गुरुवार, 24 अप्रैल 2014

By the ruling class, for the ruling class ANAND TELTUMBDE

By the ruling class, for the ruling class


ANAND TELTUMBDE

The electoral system in its current avatar is not serving India’s democracy

In the next few weeks the gigantic exercise of conducting elections in India will be over. The nation will pat itself on the back for being crowned yet again the world’s greatest functional democracy while most people will get back to their struggle for survival. The long dance of democracy would come to an end, leaving the elected representatives to do the business of recovering their huge investments. A fortune is spent to conduct elections in India, rivalled only by the United States (it is said that in this election, Indian politicians would spend upwards of $5 billion as against $7 billion spent in the 2012 U.S. presidential election). All kinds of intrigues and foul play come into motion for acquiring money to fight elections. By any logic, these amounts can only be raised through plutocracy and crime. That being closer to the truth, one wonders whether this process of election needs to be probed for being at the centre of what ails India.
Trajectory of corruption
In a liberal framework, direct democracy is not possible. Elections are meant to get peoples’ representatives to operationalise democracy. Peoples’ choices however are restricted to the candidates put up by political parties, and to some independents, most of whom contest to help the electoral arithmetic of the main political parties as dummy candidates. This results in the same set of people getting elected election after election without any evidence of performance. The entire process has a kind of barrier of entry. For instance, the official expenditure allowed for a candidate for the Lok Sabha election is Rs.70 lakh that only mainstream political parties can afford. The actual investment is several times more. If this is the quantum of risk capital one invests in elections, there should be a theoretical return on this investment. Since there is none, it inevitably manifests itself as growing corruption. This has turned politics into a big ticket business with unrivalled returns. The elected leader becomes a feudal lord and the constituency his fiefdom, fortified by musclemen and money power.
The data on politicians who participate in elections are in the public domain, thanks to the Association for Democratic Reforms (ADR), that picks it up from their affidavits filed with the Election Commission and presents them in a manner that is comprehensible. These self-sworn data, likely to be a gross understatement, nonetheless reveal the rapidly growing number of crorepatis among these representatives. In the 15th Lok Sabha election, there were 1,249 crorepati candidates, of whom over 300 reached Parliament. The crime record closely correlates with their riches, and both exist across parties. The parliamentarians with criminal cases belonging to the Congress and the Bharatiya Janata Party, the two main political parties, were 24 and 29 in 2004 respectively, which went up to 44 each in 2009. These are the so-called representatives of the people, a vast majority of whom live off Rs.20 a day!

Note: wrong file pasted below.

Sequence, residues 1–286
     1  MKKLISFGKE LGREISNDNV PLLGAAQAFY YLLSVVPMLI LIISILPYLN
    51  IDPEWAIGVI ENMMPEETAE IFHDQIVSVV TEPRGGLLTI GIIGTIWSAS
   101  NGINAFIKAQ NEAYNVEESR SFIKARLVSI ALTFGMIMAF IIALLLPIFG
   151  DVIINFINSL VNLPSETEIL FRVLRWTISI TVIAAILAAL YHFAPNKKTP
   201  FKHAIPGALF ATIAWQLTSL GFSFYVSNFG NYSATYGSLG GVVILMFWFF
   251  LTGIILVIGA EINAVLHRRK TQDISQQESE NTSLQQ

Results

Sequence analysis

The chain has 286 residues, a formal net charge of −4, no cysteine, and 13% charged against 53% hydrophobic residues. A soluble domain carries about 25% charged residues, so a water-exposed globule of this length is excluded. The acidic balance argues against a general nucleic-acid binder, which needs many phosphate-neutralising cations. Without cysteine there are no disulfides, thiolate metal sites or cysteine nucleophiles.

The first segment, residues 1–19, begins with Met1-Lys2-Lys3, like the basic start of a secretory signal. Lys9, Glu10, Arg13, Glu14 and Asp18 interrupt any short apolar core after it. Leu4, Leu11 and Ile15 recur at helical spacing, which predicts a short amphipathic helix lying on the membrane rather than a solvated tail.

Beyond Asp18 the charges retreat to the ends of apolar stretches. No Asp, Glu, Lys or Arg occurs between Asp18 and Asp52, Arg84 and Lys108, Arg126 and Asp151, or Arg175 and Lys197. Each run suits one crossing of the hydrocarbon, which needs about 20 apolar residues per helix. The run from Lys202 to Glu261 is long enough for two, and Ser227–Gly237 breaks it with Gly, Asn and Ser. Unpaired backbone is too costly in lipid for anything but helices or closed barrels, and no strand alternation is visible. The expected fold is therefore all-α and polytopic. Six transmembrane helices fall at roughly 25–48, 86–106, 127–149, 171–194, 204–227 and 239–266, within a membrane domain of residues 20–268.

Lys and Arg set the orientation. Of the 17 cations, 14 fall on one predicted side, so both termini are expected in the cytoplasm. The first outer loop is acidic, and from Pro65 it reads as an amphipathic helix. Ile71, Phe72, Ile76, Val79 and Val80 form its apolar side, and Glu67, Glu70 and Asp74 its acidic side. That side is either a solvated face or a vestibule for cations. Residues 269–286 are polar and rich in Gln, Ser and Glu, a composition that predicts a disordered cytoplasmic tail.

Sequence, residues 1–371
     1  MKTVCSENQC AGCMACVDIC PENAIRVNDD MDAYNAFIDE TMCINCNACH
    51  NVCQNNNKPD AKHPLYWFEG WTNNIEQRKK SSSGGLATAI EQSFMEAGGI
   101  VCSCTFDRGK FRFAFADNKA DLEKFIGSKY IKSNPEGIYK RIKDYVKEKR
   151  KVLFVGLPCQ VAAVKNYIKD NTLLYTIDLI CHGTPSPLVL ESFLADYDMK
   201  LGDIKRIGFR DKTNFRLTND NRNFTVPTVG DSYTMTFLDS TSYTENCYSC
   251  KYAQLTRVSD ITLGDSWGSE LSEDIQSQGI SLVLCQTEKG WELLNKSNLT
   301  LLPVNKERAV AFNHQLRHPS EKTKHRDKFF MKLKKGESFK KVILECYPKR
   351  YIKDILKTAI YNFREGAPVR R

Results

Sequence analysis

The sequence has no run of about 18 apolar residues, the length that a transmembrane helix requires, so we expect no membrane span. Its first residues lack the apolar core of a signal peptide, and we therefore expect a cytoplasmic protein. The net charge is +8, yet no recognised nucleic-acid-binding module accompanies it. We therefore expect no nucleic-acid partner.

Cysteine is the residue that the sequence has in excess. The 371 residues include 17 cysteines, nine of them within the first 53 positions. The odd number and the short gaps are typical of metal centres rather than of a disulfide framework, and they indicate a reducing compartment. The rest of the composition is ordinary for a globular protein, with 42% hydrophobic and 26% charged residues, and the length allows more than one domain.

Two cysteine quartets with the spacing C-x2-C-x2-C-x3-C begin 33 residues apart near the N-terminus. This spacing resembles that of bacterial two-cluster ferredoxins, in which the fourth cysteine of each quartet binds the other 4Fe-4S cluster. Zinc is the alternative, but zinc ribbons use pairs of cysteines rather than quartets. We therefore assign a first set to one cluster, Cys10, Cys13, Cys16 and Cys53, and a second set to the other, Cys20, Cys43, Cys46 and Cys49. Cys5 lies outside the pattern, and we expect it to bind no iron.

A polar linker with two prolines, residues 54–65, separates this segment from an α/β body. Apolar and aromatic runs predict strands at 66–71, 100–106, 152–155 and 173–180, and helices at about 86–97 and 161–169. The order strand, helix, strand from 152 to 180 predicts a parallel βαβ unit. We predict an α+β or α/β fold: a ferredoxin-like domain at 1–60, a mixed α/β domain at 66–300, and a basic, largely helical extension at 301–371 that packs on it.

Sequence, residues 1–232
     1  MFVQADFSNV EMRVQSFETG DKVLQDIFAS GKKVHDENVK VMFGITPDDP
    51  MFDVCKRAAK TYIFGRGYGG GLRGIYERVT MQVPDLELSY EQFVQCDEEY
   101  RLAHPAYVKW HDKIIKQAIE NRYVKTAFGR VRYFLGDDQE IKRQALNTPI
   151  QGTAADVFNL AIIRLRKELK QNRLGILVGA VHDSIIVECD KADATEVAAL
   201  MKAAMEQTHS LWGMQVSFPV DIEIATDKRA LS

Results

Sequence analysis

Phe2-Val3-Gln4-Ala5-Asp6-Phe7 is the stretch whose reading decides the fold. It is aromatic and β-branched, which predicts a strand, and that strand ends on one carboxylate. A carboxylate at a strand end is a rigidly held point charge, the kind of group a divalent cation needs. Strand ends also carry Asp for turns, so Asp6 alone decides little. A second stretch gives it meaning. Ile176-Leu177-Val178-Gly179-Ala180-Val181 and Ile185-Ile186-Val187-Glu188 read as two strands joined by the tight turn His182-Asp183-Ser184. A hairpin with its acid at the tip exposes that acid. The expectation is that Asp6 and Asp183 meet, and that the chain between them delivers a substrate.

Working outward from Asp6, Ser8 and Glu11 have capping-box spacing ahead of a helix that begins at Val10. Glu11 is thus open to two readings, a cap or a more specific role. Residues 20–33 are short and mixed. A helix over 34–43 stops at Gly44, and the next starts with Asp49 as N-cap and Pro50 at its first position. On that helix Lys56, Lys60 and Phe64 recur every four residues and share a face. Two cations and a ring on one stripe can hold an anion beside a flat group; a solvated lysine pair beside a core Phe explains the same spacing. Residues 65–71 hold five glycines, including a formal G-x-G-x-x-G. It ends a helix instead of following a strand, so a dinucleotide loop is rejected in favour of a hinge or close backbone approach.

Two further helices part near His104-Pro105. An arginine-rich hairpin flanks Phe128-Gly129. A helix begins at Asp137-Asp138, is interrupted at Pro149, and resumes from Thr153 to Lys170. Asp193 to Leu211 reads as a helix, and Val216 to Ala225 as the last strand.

More interesting is the incredible growth of their wealth before every election. The analysis by ADR and National Election Watch (NEW) has found that the wealth of 304 re-contesting MPs had grown by 289 per cent. These rates are almost unheard of even in the corporate world. A person of average calibre, ostensibly in service of poor people, outbeats the best of fund managers. In an ordinary case, such evidence would alarm the income tax and anti-corruption authorities; but the political connections of these worthies provide them immunity from such mundane risks. There are no prizes for guessing the sources of wealth here when it is known that the entire machinery works for corporate houses and other moneybags in the name of the people.
Method of election
When India became independent, the biggest challenge the new rulers faced was in fulfilling the aspirations of the people — the aspirations they helped build during the freedom struggle. These were further amplified by developments such as the dazzling progress made by the post-revolution USSR, the welfarist ethos of the post-War world, and the ongoing revolution in neighbouring China. The communal flare-up in the wake of the transfer of power, the integration of nearly 600 political fragments in the form of princely states within India, the communist-led armed struggles in certain pockets in the country, and the awakening of the lower castes collectively posed a formidable challenge to the new rulers. The republican constitution they created reflected these aspirations. However in real terms, the Congress Party that assumed the reins of power, represented the interests of the bourgeoisie and had to skilfully promote them. This tension between the need to appear addressing peoples’ aspirations — but in reality furthering the interests of capital — necessarily showed up in a series of its deceitful acts. Launching Five-Year Plans to display socialist orientation but clandestinely adopting the Bombay Plan created by the then eight top capitalists of the country, or to initiate land reforms but ensuring that they remained throttled so as to create a class of rich farmers as an ally in the vast countryside, or to push the Green Revolution to spread capitalist relations in countryside in the name of removing hunger, are just a few examples. It was politically imperative to adopt such a method for operating democracy to ensure that they remained in full control of power.